Show business in the Philippines
It is said that the need for entertainment is in human nature, and thus there will always be a universal demand for entertainment enterprises. All sectors and all age groups in civilized society always have a natural or instinctive craving to be entertained. It is even acknowledged scientifically that depriving people of entertainment is not good for their mental and emotional health. Thus, in the military, in hospitals, in nursing homes, on ships and planes, various forms of entertainment are provided regularly. Even in jails, the condemned are not deprived of entertainment in the form of books and hobbies. And in the Philippines especially, where the people—rich and poor—are described as among the happiest in the world, entertainment means big business.
Show business in the Philippines is a huge and highly competitive industry. The players in it—the movie producers, television networks, publishing companies and individual entertainers and workers—all enjoy great financial rewards and are held in high esteem or are envied for the prominent lifestyles they tend to promote or showcase. Indeed, Philippine show business has weathered a great many storms in the nation’s history since the granting of its independence. Through the glory days of post-WWII prosperity and through the turmoil of political upheavals, and even through the long martial law years and other ups and downs, Philippine show business has remained busy and strong. This just goes to show yet again that people will always need to momentarily escape from harsh reality. There’s even a maxim that the tougher the times are, the greater will be the tendency for escapism.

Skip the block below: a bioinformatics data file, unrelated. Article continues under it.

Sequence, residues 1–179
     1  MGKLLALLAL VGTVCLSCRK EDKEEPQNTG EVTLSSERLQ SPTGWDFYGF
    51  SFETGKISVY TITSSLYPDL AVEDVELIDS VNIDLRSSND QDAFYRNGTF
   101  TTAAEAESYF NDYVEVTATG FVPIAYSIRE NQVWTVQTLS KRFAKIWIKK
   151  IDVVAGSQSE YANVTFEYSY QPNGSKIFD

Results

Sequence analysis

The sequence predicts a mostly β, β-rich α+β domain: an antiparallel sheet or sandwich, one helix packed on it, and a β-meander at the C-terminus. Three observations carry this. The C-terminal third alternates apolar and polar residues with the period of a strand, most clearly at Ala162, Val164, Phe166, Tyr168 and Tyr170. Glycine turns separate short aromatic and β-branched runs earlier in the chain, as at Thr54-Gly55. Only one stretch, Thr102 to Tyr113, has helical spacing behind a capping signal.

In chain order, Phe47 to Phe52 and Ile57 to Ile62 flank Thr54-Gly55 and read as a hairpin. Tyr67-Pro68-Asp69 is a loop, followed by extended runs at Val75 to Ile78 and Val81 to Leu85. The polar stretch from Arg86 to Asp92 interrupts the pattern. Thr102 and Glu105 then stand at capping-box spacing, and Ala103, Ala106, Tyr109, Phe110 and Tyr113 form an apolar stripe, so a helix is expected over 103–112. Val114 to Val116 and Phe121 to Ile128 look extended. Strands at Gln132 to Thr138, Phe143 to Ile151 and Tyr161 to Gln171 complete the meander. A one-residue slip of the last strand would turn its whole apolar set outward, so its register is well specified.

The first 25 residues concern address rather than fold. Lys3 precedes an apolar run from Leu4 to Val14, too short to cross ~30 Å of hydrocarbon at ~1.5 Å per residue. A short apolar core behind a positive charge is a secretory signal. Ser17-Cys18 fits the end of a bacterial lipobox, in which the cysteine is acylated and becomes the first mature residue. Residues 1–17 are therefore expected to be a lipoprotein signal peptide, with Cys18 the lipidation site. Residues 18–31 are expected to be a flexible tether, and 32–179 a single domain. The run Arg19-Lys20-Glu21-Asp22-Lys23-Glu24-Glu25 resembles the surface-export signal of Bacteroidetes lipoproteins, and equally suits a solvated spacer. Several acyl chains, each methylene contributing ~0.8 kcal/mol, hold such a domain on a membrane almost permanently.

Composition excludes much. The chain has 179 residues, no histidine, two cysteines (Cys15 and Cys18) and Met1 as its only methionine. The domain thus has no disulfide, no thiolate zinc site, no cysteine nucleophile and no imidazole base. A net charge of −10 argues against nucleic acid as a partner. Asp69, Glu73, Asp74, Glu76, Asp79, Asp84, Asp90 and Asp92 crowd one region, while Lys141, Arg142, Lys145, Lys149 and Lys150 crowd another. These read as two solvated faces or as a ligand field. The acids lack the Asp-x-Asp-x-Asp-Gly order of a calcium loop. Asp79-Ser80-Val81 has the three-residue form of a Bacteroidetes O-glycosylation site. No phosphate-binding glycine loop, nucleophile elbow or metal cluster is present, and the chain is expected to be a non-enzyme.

During the post-WWII era and through to the 1960s, Philippine movie producers were already making great movies. For those sectors of society that claim refined taste, Nepomuceno Productions established itself as the leading light in the field. But the demand from the masses for easily digestible and lower-cost movie fare and slapstick comedy soon became stronger and more lucrative for producers. And so production houses churning out so-called “bakya” shows greatly outnumbered the serious filmmakers.
Probably the greatest factor that helped build-up and shape Philippine show business is the same as in many other countries. The spread of radio and TV networks that provided news and entertainment gave rise to sponsorship opportunities for many large companies that wanted a powerful presence throughout the entire country. There have always been many of these corporations with big advertising budgets, and some small businesses with modest budgets, and as a result of the continuous and sustained exposure of their brands to the consuming public, they have become household words and their sales have grown steadily. Entertainers and other showbiz personalities are of course happy to endorse them for a fee—and the fee is never peanuts.
Even with the unfolding of the present global crisis, show business in the Philippines is showing no signs of slowing down. It won’t. Remember, show business thrives on harsh realities.